fn add_mul<A, B>(x: A, y: A, w: B, z: B) -> B
    A: Add<A> + Copy,
    B: Mul<B, Output = B> + Copy,
    let var = x + y;
    w * z

Const Generics are generic over values rather than types. This is useful in a situation where we want the values to be generic instead of specific values when defining tasks. The const generic only supports Integers, Bool, Char types in the stable channel.

use std::fmt::{Debug, Display};
use std::iter::Sum;
use std::ops::{Add, Mul};
fn main() {
     //This is how we specify the type generic type explicitly.
   //In this code rust won't be able to infer the type themselves.
    const_generics1::<true, &str>("string");
    const_generics1::<false, i32>(67);

    //In this code rust is able to infer both the type and value.
    const_generics2([1, 2, 3, 4]);
    const_generics2(['a', 'b', 'c']);//[i32;4]
    let m: [char; 3] = ['a', 'b', 'a'];//[char;3]
fn const_generics1<const A: bool, T: Display>(i: T) {
    if A {
        println!("This is True");
    } else {
        println!("This is false");
    println!("{}", i);
fn const_generics2<T, const N: usize>(i: [T; N])
    T: Debug,
    println!("{:?}", i);

Const generics are value not type, meaning we can’t use them in places where the type is required.In array type [T;N], the T is a Type and N is value.

//Using const values as type is a compile error.
fn const_generics3<const T:char,const N:usize>(i:[T;N]){}

Here we can’t use the const generics in the T place but can be used in the Nplace. Using const generics we can encode invariants to our type without catching them in runtime i.e the errors are caught at compile time. For example, the code here uses a const generics to prevent the error when adding different CUDA(Compute Unified Device Architecture) device data which is a runtime error in Python -Pytorch but they are compiled error in rust.

Implementing GPU Library in Rust is far more robust than a C implementation and is also able to use high-level language features like closure, and iterators in Low-level GPU code without causing memory error.

All the codes below are Dynamically dispatched.

For some types, we can’t know the size at compile time to statically dispatch them. Instead, they are used behind a pointer to dispatch dynamically.

Trait Objects are unsized thus they must be used behind a pointer to have size at compile time since Rust needs to know the size of all types at compile time. Here the word object has nothing to do with an object in Object Oriented Programming.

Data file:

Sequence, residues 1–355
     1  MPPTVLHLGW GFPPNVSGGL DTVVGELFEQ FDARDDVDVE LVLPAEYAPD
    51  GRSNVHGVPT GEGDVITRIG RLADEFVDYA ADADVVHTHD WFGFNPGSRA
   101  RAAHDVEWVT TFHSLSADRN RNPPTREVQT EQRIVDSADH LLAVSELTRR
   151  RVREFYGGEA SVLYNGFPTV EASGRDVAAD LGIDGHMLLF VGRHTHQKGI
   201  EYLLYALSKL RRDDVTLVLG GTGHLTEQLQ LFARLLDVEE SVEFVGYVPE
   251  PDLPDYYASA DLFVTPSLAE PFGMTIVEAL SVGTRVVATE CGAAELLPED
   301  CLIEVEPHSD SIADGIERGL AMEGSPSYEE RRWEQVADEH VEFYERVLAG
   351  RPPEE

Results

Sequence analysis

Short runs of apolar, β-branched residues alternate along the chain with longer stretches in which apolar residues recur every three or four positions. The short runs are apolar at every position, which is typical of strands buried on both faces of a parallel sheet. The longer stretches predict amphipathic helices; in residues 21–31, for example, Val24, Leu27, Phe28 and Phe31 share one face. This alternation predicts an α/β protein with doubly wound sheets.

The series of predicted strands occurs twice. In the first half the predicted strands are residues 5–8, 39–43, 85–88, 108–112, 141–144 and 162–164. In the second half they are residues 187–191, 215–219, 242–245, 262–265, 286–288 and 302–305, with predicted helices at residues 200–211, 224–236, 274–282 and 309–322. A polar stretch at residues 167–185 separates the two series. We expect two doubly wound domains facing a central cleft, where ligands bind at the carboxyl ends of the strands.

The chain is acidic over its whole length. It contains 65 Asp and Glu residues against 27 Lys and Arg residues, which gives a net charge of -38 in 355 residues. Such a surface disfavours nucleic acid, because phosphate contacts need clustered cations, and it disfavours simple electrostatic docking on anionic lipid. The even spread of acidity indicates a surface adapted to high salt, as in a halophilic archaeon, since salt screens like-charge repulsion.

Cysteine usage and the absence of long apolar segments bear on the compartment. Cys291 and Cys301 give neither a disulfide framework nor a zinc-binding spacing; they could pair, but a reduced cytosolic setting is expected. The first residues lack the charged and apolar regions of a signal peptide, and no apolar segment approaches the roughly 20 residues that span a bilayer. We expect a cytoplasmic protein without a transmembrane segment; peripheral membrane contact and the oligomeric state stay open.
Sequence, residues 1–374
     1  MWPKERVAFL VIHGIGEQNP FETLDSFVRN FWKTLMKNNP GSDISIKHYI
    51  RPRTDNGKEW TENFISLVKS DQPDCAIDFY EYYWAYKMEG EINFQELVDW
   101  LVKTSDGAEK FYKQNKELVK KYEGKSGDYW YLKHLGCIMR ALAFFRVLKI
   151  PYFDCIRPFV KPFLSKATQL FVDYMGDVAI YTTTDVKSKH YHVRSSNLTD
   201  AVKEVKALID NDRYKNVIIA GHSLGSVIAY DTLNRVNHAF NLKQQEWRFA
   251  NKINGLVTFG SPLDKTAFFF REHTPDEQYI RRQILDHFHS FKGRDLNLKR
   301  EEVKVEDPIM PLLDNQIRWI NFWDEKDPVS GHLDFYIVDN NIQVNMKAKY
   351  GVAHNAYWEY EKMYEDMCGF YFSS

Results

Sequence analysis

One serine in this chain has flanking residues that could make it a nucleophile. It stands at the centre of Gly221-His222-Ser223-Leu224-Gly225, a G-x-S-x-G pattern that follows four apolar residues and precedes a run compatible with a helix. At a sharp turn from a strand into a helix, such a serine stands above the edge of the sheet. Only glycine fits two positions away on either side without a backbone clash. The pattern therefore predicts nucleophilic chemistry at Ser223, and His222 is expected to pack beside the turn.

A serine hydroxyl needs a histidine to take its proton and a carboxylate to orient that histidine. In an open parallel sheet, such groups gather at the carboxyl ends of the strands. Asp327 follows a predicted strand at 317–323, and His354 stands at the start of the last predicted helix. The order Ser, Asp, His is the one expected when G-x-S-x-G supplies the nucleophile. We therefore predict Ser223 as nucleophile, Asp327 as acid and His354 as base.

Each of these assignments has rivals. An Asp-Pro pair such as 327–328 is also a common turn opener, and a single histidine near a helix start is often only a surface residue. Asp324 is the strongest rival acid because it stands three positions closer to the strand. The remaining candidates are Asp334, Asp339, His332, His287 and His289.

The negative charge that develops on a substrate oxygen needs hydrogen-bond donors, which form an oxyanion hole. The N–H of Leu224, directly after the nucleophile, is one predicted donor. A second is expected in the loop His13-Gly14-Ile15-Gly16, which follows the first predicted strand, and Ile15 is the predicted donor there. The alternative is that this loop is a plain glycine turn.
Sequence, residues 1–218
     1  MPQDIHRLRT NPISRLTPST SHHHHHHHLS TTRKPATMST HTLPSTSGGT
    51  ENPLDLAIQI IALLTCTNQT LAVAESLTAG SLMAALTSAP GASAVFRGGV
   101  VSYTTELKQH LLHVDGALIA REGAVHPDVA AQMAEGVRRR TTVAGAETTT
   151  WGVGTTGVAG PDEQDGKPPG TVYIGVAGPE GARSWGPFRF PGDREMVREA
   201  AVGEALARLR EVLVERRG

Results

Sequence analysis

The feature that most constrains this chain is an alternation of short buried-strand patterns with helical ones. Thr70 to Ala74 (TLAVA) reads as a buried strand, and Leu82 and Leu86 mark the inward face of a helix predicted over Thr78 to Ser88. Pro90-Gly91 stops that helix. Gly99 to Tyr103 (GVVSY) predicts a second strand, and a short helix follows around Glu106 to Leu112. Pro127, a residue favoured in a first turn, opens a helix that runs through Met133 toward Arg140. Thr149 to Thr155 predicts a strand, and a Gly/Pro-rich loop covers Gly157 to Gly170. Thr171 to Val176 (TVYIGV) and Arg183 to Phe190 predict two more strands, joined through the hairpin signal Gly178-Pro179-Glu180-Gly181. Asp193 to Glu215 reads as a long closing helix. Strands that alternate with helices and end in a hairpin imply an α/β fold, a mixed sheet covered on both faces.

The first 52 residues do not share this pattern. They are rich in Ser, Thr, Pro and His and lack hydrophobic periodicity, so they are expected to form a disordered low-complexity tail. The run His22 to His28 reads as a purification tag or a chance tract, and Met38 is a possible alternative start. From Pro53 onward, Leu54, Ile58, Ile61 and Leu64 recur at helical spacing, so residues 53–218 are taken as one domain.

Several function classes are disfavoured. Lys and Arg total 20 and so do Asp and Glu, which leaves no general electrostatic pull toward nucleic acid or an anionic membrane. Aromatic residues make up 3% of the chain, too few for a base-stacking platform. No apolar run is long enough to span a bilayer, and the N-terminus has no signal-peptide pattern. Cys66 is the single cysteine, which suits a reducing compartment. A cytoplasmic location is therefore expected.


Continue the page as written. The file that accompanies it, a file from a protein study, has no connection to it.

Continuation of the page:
use std::mem::size_of;
fn main() {
    //let unsize1: ToString;
    //let unsize2: Fn(&str) -> bool;

    //Any type that implements Display trait.
    let sized1: &dyn ToString;
    sized1 = &45;
    let sized2: Box<String>;
    sized2 = Box::new(String::from(
        "Bytes are counted for memory-constrained devices",
    println!("{:?}", size_of::<&dyn ToString>());
    println!("{:?}", size_of::<Box<dyn Fn(&str) -> bool>>());
    println!("{:?}", size_of::<Box<String>>());

If we comment out the first two lines we get a compile error saying “doesn’t have a size known at compile-time”.

The size of sized1 and sized2 is 16 bytes. This is overhead for sized1 because a plain reference to an i32 is 8 bytes and a non-reference type is 4 bytes. For the sized2 this is an advantage since the plain String type takes 24 bytes but the Box<String> takes 8 bytes.

Note that Box of trait object takes 16 bytes but Box of plain types takes 8 bytes. There is a trade-off here. If you want no runtime overhead then choose static dispatch. If you care about binary size over efficiency choose dynamic dispatch. These are choosable not default options.

just because the type is known at runtime, it doesn’t mean a lack of type safety.

  • We can’t construct a type that doesn’t implement a particular type you care about at compile time.
  • We can’t call a method that is not associated with the traits at compile time.

Generics and Const Generics can be used in structs, enums, and traits too but they are not covered here.


Generic Queue: